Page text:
Lincoln's reply to Milroy after the defeat at Winchester 135th Anniversary Re-Enactment, REVISITING GETTYSBURG

June 14, 1998

President Abraham Lincoln's correspondence with Maj. Gen. Robert H. Milroy after the defeat at Winchester, Va., as recorded by the Library of America in "Abraham Lincoln, Speeches and Writings, 1859-1865":

June 29, 1863

I have never doubted your courage and devotion to the cause. But you have just lost a Division, and prima facie, the fault is upon you; and while that remains unchanged, for me to put you in command again, is to justly subject me to the charge of having out you there on purpose to have you lose another.

If I knew facts sufficient to satisfy me that you were not at fault, or error, the case would be different. But the facts I do know, while they are not at all conclusive, and I hope they may never prove so, tend the other way.

First, I have scarcely seen anything from you at any time, that did not contain imputations against your superiors, and a chafing against acting the part they had assigned to you. You have constantly urged the idea that you were persecuted because you did not come from West-Point, and you repeat it in these letters. This, my dear general, is I fear, the rock on which you have split.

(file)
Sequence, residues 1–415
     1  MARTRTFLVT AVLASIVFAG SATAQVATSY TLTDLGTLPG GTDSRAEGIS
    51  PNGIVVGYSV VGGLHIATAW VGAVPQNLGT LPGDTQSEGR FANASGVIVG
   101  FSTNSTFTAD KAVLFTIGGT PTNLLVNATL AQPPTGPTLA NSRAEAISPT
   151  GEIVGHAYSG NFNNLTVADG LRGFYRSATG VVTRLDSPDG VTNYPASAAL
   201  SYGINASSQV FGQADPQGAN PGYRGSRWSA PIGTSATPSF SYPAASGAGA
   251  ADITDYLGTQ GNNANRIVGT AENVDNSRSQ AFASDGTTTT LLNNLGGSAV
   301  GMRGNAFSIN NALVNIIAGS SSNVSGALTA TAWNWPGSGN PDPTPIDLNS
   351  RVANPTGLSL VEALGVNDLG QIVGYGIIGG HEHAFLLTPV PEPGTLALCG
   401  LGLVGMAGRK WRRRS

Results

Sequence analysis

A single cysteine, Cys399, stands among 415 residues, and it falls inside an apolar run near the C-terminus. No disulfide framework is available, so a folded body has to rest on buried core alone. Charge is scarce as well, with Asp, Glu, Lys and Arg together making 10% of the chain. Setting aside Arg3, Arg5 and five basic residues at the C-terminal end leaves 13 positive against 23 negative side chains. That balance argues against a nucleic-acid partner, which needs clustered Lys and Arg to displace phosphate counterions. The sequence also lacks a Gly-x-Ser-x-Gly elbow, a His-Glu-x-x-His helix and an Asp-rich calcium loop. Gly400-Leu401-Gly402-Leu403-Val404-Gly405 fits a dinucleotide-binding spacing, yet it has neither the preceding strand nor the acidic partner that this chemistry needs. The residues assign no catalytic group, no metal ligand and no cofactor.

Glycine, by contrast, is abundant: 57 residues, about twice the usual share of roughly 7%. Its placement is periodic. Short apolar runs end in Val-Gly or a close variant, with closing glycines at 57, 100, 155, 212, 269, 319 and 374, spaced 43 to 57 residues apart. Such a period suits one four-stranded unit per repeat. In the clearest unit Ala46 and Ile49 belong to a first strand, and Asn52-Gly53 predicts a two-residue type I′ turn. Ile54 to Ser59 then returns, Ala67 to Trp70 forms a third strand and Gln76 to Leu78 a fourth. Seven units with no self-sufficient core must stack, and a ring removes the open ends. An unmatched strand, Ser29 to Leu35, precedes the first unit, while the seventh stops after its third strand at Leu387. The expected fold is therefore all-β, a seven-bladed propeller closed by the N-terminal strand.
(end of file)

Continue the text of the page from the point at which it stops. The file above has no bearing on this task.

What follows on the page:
In the Winchester case, you were under General Schenck, and he under Gen. Halleck. I know by Gen. Halleck's orderbook, that he, on the 11th. of June advised Gen. Schenck to call you in from Winchester to Harper's Ferry; and I have been told, but do not know, that Gen. Schenck gave you the order accordingly, on the same day - and I have been told, but do not know, that on receiving it, instead of obeying it, you sent by mail a written protest against obeying it, which did not reach him until you were actually beleaguered at Winchester. I say I do not know this. You hate West-Point generally, and General Halleck particularly; but I do know that it is not his fault that you were at Winchester on the 13th. 14th. and morning of the 15th. - the days of your disaster.

If Gen. Schenck gave the order on the 11th. as Gen. Halleck advised, it was an easy matter for you to have been off at least on the 12th. The case is inevitably between Gen. Schenck & you. Neither Gen. Halleck, nor any one else, so far as I know, required you to stay and fight 60,000, with 6,000, as you insinuate.

I know Gen. Halleck, through Gen. Schenck required you to get away, & that in abundant time for you to have done it. Gen. Schenck is not a West-Pointer and has no prejudice against you on that score.

Pub date: 6/14/98

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